Warwickshire's Chief Fire Officer has condemned the decision to press criminal charges against three firefighters who were cleared of the manslaughter of four colleagues in a warehouse blaze in 2007.
Station Manager Timothy Woodward and Watch Manager Adrian Ashley were cleared by a jury at Stafford Crown Court following the deaths of Ashley Stephens, Darren Yates-Badley, John Averis and Ian Reid in a huge blaze in Atherstone-on-Stour.
The prosecution had alleged that Mr Woodward and Mr Ashley, who acted as incident commanders were criminally responsible for the "needless" deaths of the four-man breathing apparatus crew.
But CFO Graeme Smith - who claimed Adrian Ashley, Paul Simmons and Timothy Woodward had been "treated like common criminals" - is now calling for the Home Office and Ministry of Justice to investigate how and why the prosecution was allowed to proceed.
The fire chief, who was present in court during much of the six-week trial, said: "It is crystal clear that these cases should never have been brought to court in the first place.
"But today neither I nor any of my colleagues in the Warwickshire Fire and Rescue Service feel any sense of relief. Rather we feel a sense of sorrow and remembrance for the four brave firefighters who died at Atherstone-on-Stour in 2007."
Both Warwickshire Fire and Rescue Service and the Chief Fire Officers Association have serious concerns about the case. Mr Smith and both bodies will be writing to the Home Secretary and to the Justice Secretary to seek a formal investigation into the prosecution.
Voicing concern that such prosecutions may make fire commanders more risk averse, possibly impacting on the safety of the public, Mr Smith was also critical of "undue aggression" shown towards the firefighters charged with manslaughter during their time in police custody.
During two days in the custody of Warwickshire Police, Mr Simmons, Mr Ashley, and Mr Woodward had their belts and shoelaces taken away and were also held at a police station overnight between interviews.
Mr Smith said: "The police investigation into this fire took a wrong turn very early on.
"The police treated decent fire officers like common criminals. The court heard they were locked up in the cells overnight and even had their shoelaces taken away from them.
"It has taken almost five years and five million pounds of public money to construct a flimsy case against these three men and when it was presented in court it simply fell apart."
Police investigations into the death of firefighters had been completed more rapidly elsewhere in the UK, enabling lessons to be learned swiftly, Mr Smith also said.
But the Atherstone-on-Stour inquiry was handled poorly and put firefighters' safety behind the needs of the police inquiry, Mr Smith alleged.
There were two independent reports into the blaze, one commissioned by the police and another commissioned by the Warwickshire Fire Service, which was seized by the police before Warwickshire Fire Service had a chance to consider it.
Mr Smith said: "Both of these reports contained safety critical information of vital importance to the safety of firefighters up and down the country.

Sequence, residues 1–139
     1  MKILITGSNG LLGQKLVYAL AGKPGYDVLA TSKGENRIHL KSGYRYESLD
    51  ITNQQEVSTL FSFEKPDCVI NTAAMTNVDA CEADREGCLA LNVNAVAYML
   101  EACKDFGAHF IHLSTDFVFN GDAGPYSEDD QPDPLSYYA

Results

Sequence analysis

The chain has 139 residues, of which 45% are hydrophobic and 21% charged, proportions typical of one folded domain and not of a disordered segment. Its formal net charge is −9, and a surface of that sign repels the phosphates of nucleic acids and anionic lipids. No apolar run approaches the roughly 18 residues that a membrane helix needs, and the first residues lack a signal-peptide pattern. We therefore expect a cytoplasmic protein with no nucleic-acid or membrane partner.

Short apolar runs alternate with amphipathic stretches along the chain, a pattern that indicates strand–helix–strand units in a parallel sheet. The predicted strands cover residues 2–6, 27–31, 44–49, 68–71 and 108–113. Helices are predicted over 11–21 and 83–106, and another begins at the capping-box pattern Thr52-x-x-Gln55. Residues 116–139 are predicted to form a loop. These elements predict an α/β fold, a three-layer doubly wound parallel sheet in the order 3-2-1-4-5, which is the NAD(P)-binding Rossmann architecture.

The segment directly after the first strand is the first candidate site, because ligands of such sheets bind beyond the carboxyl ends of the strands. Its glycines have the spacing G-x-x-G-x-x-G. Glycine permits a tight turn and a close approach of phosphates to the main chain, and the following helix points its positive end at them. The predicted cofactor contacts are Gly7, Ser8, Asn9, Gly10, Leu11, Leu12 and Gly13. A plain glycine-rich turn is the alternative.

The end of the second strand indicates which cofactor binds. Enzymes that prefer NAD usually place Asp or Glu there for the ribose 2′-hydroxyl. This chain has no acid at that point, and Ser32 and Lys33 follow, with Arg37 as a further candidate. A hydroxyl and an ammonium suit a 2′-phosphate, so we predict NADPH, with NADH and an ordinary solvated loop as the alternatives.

"Neither of them was released to the fire service until May 2011 - an incredible three-and-a-half years after the fire.
"I am outraged that the secrecy surrounding these reports meant that firefighters remained at risk for so long."
Addressing the wider issue of whether the fear of prosecution may affect firefighters' decisions as they seek to protect people and property, Mr Smith added: "I am seriously concerned - and the public should be seriously concerned - that today, up and down the country, fire officers will be asking themselves... why on earth would I ever want to be an incident commander and face an unjustified legal attack in the way these three men have?"
?Next page: £4.6m cost of the inquiry
Warwickshire Police Authority said the main costs of the £4.6 million inquiry into the Atherstone-on-Stour fire were incurred during efforts to recover evidence from the scene of the tragedy.
Authority chairman Phil Robson said he and his colleagues always had complete confidence in the investigation and the way it was conducted.
Around £3.5 million of the bill generated by the investigation has been met by a special grant from the Home Office, meaning the majority of the cost did not come out of the local policing budget.
Mr Robson said: "Investigations cost money, complex investigations cost substantially more money - and this was a very complex investigation.
"The main costs were incurred during the early part of the investigation, around securing evidence from a very large scene and an unstable building.
"These reduced year by year after the initial work had been done and less staff were required.
"I am satisfied that the investigation has been progressed as quickly as professionally possible having regard to all the circumstances."
Mr Robson added: "The progress of the investigation has been the subject of several external reviews which ensured our response was proportional to the seriousness of the developing evidence.
"The police service has a legal duty to investigate this incident as a crime. There are no more serious criminal investigations than those involving the loss of life."